Based on the information stated above, the species could qualify for listing as Endangered or Near Threatened under Criterion C2a(ii), depending on individual subpopulation sizes and whether or not the population size falls below 2,500 mature individuals. Since neither conditions 2a(i) or 2a(ii) are met at the level of Vulnerable, the species cannot currently be assessed as Vulnerable under Criterion C2 based on the information currently available. Pending further information regarding trends, it may also trigger a listing of at least Near Threatened under Criterion C1.

Criterion D – Based on the population estimate of 2,000 – 5,000 mature individuals, the species’s population size does not meet or approach the threshold for Vulnerable under Criterion D. The species does not have a restricted area of occupancy of number of locations such that a plausible future threat could drive the species to Critically Endangered or Extinct within a very short time. The species does not therefore meet the criteria for listing as Vulnerable under Criterion D2. The species is therefore assessed as Least Concern under Criterion D.

Criterion E – To the best of our knowledge no quantitative assessment of the probability of extinction has been conducted for this species, and so it cannot be assessed against this criterion.

To allow us to achieve a clearer assessment of the species’s status, the following information is requested:

  • The species’s population size and rate of decline across its range.
  • Further information to allow a quantitative assessment of the rate of decline in area of occupancy or extent/quality of habitat.

Please note that this topic is not designed to be a general discussion about the ecology of the species, rather a discussion of the species’s Red List status. Therefore, please make sure your comments are about the proposed listing.

An information booklet on the Red List Categories and Criteria can be downloaded here and the Red List Criteria Summary Sheet can be downloaded here. Detailed guidance on IUCN Red List terms and definitions and the application of the Red List Categories and Criteria can be downloaded here.

References

Azpiroz, A.B. (2015) Shiny Cowbird (Molothrus bonariensis) parasitism records for three globally threatened species from the South American Pampas. The Wilson Journal of Ornithology 127(4): 746-752.

Azpiroz, A.B., Jimenez, S. and Alfaro, M. (eds.) (2018) Libro rojo de las aves del Uruguay. Biologia y conservacion de las aves en peligro de extinction a nivel nacional. Categorias “Extinto a Nivel Regional”, “En Peligro Critico” y “En Peligro”. DINAMA and DINARA, Montevideo.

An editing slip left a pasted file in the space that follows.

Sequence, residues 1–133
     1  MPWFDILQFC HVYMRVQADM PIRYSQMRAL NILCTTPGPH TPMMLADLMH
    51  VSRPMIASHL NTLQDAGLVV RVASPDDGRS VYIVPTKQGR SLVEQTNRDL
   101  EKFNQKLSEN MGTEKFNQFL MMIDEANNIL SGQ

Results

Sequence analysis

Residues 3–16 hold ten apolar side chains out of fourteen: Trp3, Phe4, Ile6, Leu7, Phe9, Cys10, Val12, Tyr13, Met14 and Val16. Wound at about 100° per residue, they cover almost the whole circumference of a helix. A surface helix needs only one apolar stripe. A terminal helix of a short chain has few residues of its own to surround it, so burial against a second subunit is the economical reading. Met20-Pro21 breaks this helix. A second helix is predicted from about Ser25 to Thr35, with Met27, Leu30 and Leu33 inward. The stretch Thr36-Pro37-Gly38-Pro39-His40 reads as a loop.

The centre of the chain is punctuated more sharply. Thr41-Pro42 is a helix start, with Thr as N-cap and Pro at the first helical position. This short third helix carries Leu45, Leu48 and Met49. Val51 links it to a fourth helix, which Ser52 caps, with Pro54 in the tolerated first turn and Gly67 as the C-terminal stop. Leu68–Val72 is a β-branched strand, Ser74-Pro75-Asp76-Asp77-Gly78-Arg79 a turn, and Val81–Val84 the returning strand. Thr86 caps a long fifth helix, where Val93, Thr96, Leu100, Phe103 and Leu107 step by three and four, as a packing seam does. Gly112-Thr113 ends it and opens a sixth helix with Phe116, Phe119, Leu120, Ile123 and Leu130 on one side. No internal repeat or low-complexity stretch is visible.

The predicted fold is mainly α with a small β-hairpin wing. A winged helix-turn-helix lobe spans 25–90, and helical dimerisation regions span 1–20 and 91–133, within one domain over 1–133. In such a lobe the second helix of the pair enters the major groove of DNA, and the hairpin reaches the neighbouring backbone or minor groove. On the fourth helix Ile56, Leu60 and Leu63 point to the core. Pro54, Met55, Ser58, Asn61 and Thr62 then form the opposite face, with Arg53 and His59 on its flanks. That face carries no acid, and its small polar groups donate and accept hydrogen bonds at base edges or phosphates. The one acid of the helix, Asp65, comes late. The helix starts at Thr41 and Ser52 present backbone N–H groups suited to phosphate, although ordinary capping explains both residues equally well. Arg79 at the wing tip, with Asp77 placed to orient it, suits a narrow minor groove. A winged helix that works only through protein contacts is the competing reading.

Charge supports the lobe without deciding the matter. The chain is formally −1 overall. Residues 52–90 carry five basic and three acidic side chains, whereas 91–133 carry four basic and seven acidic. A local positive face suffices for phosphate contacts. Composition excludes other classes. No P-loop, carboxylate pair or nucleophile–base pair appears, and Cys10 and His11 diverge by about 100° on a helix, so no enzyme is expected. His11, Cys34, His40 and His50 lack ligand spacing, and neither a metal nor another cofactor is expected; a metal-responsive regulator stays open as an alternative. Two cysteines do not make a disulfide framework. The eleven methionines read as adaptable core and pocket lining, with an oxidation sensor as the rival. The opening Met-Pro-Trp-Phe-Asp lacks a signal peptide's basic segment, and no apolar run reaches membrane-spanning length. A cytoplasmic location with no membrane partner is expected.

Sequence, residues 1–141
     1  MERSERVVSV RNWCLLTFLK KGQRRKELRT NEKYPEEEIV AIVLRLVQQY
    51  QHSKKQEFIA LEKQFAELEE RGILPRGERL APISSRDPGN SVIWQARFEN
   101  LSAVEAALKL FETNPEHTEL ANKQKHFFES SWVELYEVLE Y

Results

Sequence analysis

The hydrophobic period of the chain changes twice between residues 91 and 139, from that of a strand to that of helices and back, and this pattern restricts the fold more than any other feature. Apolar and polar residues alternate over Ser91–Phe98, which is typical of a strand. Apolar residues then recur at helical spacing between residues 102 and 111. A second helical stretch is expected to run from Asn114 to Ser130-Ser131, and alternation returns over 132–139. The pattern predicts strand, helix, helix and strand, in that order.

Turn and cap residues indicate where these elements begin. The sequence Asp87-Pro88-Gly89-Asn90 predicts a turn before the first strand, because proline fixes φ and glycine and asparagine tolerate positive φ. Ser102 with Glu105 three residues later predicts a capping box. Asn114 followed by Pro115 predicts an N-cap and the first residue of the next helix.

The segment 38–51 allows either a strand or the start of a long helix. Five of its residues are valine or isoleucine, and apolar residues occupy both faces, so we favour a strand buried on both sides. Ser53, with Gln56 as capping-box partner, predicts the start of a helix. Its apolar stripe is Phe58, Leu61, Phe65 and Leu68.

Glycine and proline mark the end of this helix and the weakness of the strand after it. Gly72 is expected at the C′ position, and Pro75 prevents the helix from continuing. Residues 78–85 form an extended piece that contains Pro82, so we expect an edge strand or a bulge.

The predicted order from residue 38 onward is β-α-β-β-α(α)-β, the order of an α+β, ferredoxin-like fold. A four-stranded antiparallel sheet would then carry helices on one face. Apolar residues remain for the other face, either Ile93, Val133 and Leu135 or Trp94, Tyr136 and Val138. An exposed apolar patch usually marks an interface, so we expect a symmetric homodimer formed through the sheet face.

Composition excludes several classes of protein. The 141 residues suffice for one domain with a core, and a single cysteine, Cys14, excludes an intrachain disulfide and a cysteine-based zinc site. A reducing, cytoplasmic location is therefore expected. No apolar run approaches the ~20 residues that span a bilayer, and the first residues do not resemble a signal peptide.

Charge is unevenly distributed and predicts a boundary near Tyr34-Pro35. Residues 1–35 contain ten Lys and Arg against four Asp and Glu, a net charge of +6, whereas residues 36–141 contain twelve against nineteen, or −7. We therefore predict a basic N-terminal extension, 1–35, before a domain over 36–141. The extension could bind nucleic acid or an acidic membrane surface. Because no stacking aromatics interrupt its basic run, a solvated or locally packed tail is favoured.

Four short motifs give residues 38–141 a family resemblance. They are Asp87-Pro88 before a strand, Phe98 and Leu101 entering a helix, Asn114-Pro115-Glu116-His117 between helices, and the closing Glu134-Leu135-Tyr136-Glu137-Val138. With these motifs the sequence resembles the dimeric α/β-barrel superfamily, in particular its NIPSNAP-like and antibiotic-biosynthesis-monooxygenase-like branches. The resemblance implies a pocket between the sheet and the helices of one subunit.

Fraga, R. (2018) Pampas Meadowlark (Leistes defilippii). In: del Hoyo, J., Elliott, A., Sargatal, J., Christie, D.A. and de Juana, E. (eds.). Handbook of the Birds of the World Alive. Lynx Edicions, Barcelona. Retrieved from https://www.hbw.com/node/62326 on 4 October 2018.

Gabelli, F.M., Fernández, G.J., Ferretti, V., Posse, G., Coconier, E., Gavieiro, H.J., Llambías, P.E., Peláez, P.I., Vallés, M.L. and Tubaro, P.L. (2004) Range contraction in the pampas meadowlark Sturnella defilippii in the southern pampas grasslands of Argentina. Oryx 38(2): 164-170.

MMA (2014) Lista Nacional Oficial de Espécies da Fauna Ameaçadas de Extinção. Portaria No 444, de 17 de dezembro de 2014. Diário Oficial da União – Seção 1. Nº 245, quinta-feira, 18 de dezembro de 2014.

MAyDS and AA (Ministerio de Ambiente y Desarrollo Sustentable and Aves Argentina) (2017) Categorización de las Aves de la Argentina (2015). Report of Ministerio de Ambiente y Desarrollo Sustentable de la Nación and Aves Argentinas. Buenos Aires, Argentina.

Tubaro, P. L. and Gabelli, F. M. (1999) The decline of the Pampas Meadowlark: difficulties of applying the IUCN criteria to Neotropical grassland birds. Studies in Avian Biology 19: 250-257.

Tubaro, P., Gabelli, F. and Gallegos-Luque, D. (1994) Red Data Bird: Pampas Meadowlark. World Birdwatch 16: 18-19.

This entry was posted in Americas, South America and tagged , , , . Bookmark the permalink.

1 Response to Pampas Meadowlark (Leistes defilippii): request for information.

  1. Hannah Wheatley (BirdLife) says:

    Based on available information, our proposal for the 2019 Red List is to pend the decision on this species and keep the discussion open until 2020, while leaving the current Red List category unchanged in the 2019 update.

    Final 2019 Red List categories will be published on the BirdLife and IUCN websites in December, following further checking of information relevant to the assessments by both BirdLife and IUCN.

Leave a Reply to Hannah Wheatley (BirdLife) Cancel reply

You have to agree to the comment policy.

This site uses Akismet to reduce spam. Learn how your comment data is processed.